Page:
What does an insolvency practitioner do?

An insolvency practitioner is a professional who plays a crucial role in helping individuals and businesses facing financial distress by offering professional advice, negotiating with creditors, working with accountants, closing solvent businesses and guiding clients through an insolvency process.

They must be licensed (which is why they’re most commonly known as licensed insolvency practitioners – or IPs) and are regulated by a recognised professional body. This article explores the various responsibilities and roles of an insolvency practitioner.

Giving professional advice before insolvency

One of the primary roles of an insolvency practitioner is to provide professional advice to individuals and businesses facing financial difficulties. IPs help business owners and company directors understand their financial position, identify the causes of their financial distress and explore the available options to address their challenges. This may include advice on cost-cutting measures, restructuring the business or seeking alternative sources of funding.

As suggested by their title, an insolvency practitioner can also help you understand formal insolvency procedures and the potential consequences of each option. By providing this advice, IPs help clients make informed decisions about their financial future and, in some cases, help them avoid insolvency altogether.

Negotiating with creditors for informal agreements

If you’re facing financial distress, it’s often in the best interest of both you and your creditors to reach an informal agreement to resolve the outstanding debts. An insolvency practitioner has the experience needed to negotiate with creditors on behalf of your business.

An IP can use their knowledge of insolvency law to negotiate the best possible outcome for your business, helping you to reach informal agreements with your creditors to repay debts over an extended period or at a reduced amount.

These informal agreements can provide a lifeline for struggling businesses and individuals, helping to avoid the perceived stigma and financial consequences of formal insolvency proceedings.

Working with accountants

Licensed insolvency practitioners often work closely with accountants to help clients manage their financial affairs. IPs and accountants collaborate to prepare financial statements, analyse the client’s financial position and develop strategies to address their financial problems.

This collaboration ensures that you receive comprehensive advice on your financial situation, taking into account both your immediate needs and your long-term financial goals. By working together, IPs and accountants can guide you through the steps you need to take to overcome your financial challenges and return to a stable financial position.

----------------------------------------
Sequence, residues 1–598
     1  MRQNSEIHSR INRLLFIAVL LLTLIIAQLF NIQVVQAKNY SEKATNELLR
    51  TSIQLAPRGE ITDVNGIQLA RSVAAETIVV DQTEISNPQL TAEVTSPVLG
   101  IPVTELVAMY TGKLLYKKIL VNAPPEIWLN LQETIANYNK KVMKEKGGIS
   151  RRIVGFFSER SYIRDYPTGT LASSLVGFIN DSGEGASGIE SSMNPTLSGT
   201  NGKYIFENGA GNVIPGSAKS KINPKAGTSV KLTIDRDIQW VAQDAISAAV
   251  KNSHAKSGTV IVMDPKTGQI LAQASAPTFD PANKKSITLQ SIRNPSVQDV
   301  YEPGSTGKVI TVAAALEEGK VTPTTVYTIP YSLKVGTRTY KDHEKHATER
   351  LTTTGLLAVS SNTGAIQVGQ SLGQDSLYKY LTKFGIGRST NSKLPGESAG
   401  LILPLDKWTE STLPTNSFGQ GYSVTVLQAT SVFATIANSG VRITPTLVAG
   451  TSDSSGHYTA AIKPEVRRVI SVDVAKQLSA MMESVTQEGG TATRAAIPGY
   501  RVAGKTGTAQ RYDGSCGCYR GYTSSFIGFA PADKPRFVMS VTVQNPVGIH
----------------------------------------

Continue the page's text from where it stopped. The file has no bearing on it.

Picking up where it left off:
Closing solvent businesses

We often handle the closure of solvent businesses. This can occur when the owners of a business decide to retire or when the business has fulfilled its purpose and is no longer needed. In these situations, an IP can help the business owners wind up their company in an orderly and tax-efficient way.

The process of closing a solvent business is known as a Members’ Voluntary Liquidation (MVL) and involves selling the company’s assets, settling any outstanding debts and distributing the remaining funds to the shareholders.

Should you choose to close your business using an MVL, the IP will play a crucial role by ensuring that all legal and financial requirements are met, and that the business is closed in a way that minimises any potential liabilities.

Guiding clients through an insolvency process

Of course, we also guide clients through the insolvency procedures such as liquidation or administration. Our involvement is a legal requirement and makes certain that the process is carried out in accordance with the relevant laws and regulations.

During the insolvency process, your IP acts as your representative, liaising with creditors, employees and other stakeholders to make sure their interests are protected. We also act as Liquidator, responsible for selling your company’s assets and distributing any proceeds to creditors.

More than closing businesses

In summary, licensed insolvency practitioners play a vital role in helping individuals and businesses navigate the complex world of insolvency. Our main goal is to help clients overcome their financial challenges and work towards a more stable financial future.

If you think your company could benefit from the advice of a licensed insolvency practitioner, our expert team is on hand to take your questions. We don’t have a call centre. Instead, when you get in touch you’ll speak to someone who has the expertise to give you the answers you need. We will explain the options and you will decide on the best way forward.

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